posted by mwhybark at 7:28 PM on March 21, 2011


If you tell those youths to get off your lawn, do so politely.

You kids get your goddamn rocket launcher off my azaleas!
posted by steambadger at 7:38 PM on March 21, 2011 [1 favorite]


I knew once they saw them we were in trouble. We were so stupid. If we didn't e-mail, we could probably have denied the whole thing. But there were the names and dates. It was undeniable.

I forget, how does encryption work with this? If I were to encrypt all my messages, and "forget" the key, is that the same as denying a phone call took place? They can't prove anything, can they even use the fact you have a bunch of encrypted e-mails as evidence you're up to something smarmy?
posted by geoff. at 7:41 PM on March 21, 2011 [1 favorite]


I swear we already had posts on these guys, or maybe it was TPM, but really -- they had moxy enough to bid on defense contracts, they won them, and then supplied them with sort of working stuff IIRC.
posted by cavalier at 7:44 PM on March 21, 2011


Reminds me of Deal of the Century with Chevy Chase and Gregory Hines. A comedy where they play arms dealers.
posted by blakslaks at 7:49 PM on March 21, 2011


Wasn't this one of the subplots in "Freedom?"

One of the things that bothered me about "Freedom" was I felt like Franzen had read about these same arms dealers a few years ago and worked it into his novel as a subplot without doing anything clever with it. A few things were different (truck parts instead of arms) but I'm pretty he based the subplot on this.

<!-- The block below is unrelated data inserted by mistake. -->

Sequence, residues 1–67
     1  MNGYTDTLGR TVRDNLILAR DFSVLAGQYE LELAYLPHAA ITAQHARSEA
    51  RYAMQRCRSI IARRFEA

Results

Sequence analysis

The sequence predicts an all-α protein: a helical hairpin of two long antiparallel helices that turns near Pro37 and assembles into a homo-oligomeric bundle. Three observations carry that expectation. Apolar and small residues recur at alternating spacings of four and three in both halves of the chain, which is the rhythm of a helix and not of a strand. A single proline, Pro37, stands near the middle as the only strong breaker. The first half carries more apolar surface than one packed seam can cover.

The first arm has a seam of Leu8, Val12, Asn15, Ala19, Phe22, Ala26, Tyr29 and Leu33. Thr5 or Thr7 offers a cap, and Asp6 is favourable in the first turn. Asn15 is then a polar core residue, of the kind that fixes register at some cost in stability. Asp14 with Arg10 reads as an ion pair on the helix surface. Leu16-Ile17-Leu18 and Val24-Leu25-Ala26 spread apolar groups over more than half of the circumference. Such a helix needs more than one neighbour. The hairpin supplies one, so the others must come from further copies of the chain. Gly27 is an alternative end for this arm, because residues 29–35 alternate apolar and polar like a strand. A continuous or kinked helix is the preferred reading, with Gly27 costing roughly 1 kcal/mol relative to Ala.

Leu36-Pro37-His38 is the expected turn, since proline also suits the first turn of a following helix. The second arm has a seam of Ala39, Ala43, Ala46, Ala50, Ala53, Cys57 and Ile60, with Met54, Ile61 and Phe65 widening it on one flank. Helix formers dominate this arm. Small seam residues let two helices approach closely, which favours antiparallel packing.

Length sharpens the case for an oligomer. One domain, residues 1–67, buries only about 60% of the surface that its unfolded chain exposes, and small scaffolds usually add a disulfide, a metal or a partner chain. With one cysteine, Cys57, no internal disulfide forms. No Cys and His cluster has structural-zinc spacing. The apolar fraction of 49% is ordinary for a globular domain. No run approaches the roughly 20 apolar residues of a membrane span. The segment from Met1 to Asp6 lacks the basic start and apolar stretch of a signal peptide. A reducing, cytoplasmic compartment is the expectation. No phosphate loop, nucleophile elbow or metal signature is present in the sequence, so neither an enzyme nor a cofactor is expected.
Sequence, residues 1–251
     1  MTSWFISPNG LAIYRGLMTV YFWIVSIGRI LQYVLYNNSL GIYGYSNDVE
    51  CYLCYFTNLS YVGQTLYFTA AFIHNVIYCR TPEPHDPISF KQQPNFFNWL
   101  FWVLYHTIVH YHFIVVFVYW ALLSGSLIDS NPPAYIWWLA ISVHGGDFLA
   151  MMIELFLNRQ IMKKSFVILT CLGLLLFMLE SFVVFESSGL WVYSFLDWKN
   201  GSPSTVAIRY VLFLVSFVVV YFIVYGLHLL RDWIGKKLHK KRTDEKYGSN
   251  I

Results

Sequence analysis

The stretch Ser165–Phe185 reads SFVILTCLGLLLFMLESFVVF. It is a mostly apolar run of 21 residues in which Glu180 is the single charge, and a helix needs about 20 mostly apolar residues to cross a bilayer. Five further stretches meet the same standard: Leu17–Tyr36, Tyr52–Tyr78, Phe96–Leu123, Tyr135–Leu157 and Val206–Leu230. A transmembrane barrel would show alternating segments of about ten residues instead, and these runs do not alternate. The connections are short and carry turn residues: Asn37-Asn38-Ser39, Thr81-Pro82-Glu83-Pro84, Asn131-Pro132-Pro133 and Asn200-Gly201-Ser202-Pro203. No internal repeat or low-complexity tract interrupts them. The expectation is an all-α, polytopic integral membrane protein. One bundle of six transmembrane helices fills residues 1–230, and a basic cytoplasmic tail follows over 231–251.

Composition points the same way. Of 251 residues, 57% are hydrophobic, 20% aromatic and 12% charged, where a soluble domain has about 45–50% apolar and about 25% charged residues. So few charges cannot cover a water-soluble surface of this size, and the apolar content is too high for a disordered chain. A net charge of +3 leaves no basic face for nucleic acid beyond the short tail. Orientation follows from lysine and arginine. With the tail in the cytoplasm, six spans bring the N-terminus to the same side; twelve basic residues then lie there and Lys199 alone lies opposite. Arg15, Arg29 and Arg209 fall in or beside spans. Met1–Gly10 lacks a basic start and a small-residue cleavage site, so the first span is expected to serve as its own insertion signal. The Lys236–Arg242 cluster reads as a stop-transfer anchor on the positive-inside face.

posted by bobo123 at 7:57 PM on March 21, 2011 [3 favorites]


Wasn't this one of the subplots in "Freedom?"

If Franzen only had the good sense to write Bill and Ted into the story. That would have been most excellent.
posted by TheShadowKnows at 8:02 PM on March 21, 2011 [2 favorites]


I forget, how does encryption work with this?

Um, generally with email, since you're sending the messages to someone else, you encrypt it so that they can read it. Unless you go out of your way, email encryption actually makes it more difficult to repudiate messages (by design; this is a feature), not easier. And even if you go out of your way (encrypt without signing), it's still points to you with the same level of confidence that a normal, unencrypted email would.

Using encryption to magically make messages on someone else's computer unreadable after letting them read them is a DRM-style problem; i.e. it's impossible and only idiots try.
posted by Kadin2048 at 8:34 PM on March 21, 2011 [2 favorites]


This is horrific. Of anything, I believe war should be done as correctly as possible. It just shows what the Bush administration stood for when they said "business" - the message seemed to be "let's take American tax dollars and give them to the foreign military establishment". The worst part was how they negotiated down the helmet quality... The cheapest contract isn't always the best. I feel for the people in Iraq/Afghanistan who have to work with the low grade products that they've been sold.